Neuronal plasticity associated with altered sensations arising from tissue damage involves both established (e.g. substance P and excitatory amino acids) and novel (e.g. nitric oxide and metabolites of arachidonic acid) mediators released from terminals of primary afferent neurons or synthesised in the spinal cord. These and other mediators lead to activity-dependent synaptic plasticity and enhanced sensitivity to noxious stimuli (hyperalgesia). Activation of the N-methyl-D-aspartate (NMDA) receptor results in a calcium-dependent production of nitric oxide, while activation of α-amino-3-hydroxy-5-methylisoxazole-5-propionate (AMPA)- and 1,3-trans-1-amino-cyclopentyl-1,3-dicarboxylate (trans-ACPD)-sensitive glutamate receptors results in a phospholipase A2 (PLA2)-mediated production of different intracellular mediators, including arachidonic acid.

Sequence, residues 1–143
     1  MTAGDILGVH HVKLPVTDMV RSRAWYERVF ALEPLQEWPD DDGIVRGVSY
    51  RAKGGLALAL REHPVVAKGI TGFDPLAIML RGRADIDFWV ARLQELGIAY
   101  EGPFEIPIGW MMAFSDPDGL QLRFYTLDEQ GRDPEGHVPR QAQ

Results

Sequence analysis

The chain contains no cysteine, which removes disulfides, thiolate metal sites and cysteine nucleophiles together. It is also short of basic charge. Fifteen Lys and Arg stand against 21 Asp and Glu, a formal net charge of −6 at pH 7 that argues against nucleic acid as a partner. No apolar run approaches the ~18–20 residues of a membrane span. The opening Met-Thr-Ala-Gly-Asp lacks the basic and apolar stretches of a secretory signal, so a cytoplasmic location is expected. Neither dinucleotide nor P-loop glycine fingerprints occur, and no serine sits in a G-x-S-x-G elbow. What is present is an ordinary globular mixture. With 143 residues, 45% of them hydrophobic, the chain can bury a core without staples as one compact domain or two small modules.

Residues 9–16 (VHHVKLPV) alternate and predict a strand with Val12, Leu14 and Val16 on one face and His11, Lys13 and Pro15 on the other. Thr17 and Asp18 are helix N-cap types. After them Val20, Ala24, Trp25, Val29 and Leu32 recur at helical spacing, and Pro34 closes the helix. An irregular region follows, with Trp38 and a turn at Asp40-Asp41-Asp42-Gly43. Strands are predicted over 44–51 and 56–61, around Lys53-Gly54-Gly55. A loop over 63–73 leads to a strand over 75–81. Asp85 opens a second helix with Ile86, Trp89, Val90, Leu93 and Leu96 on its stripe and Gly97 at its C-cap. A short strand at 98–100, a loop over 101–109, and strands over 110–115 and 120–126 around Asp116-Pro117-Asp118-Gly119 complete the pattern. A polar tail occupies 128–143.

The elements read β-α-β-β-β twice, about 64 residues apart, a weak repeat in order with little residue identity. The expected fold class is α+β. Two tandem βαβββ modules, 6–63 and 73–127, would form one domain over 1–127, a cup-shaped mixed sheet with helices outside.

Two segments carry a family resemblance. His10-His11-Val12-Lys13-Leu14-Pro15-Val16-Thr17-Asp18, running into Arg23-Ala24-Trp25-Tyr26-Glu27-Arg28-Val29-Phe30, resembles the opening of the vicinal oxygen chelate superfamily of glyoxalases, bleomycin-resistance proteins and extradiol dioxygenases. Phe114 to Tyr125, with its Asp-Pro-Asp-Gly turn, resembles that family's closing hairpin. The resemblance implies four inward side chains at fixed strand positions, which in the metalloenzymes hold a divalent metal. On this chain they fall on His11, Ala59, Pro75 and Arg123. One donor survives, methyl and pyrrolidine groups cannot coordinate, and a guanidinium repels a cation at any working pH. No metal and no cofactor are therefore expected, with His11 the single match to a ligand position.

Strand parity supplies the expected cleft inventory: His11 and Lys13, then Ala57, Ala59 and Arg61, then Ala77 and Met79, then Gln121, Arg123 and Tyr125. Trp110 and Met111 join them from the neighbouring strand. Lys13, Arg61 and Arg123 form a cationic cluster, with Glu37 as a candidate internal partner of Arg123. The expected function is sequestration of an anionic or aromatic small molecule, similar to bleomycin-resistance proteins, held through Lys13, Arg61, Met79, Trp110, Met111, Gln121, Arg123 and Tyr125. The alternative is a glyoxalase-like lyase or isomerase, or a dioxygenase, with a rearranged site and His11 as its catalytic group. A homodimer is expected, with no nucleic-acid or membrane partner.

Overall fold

Thermal hyperalgesia requires NMDA receptor activation and is primarily mediated by production of nitric oxide. Mechanical hyperalgesia requires AMPA and metabotropic glutamate receptor coactivation, and is primarily mediated by cyclo-oxygenase products of arachidonic acid metabolism.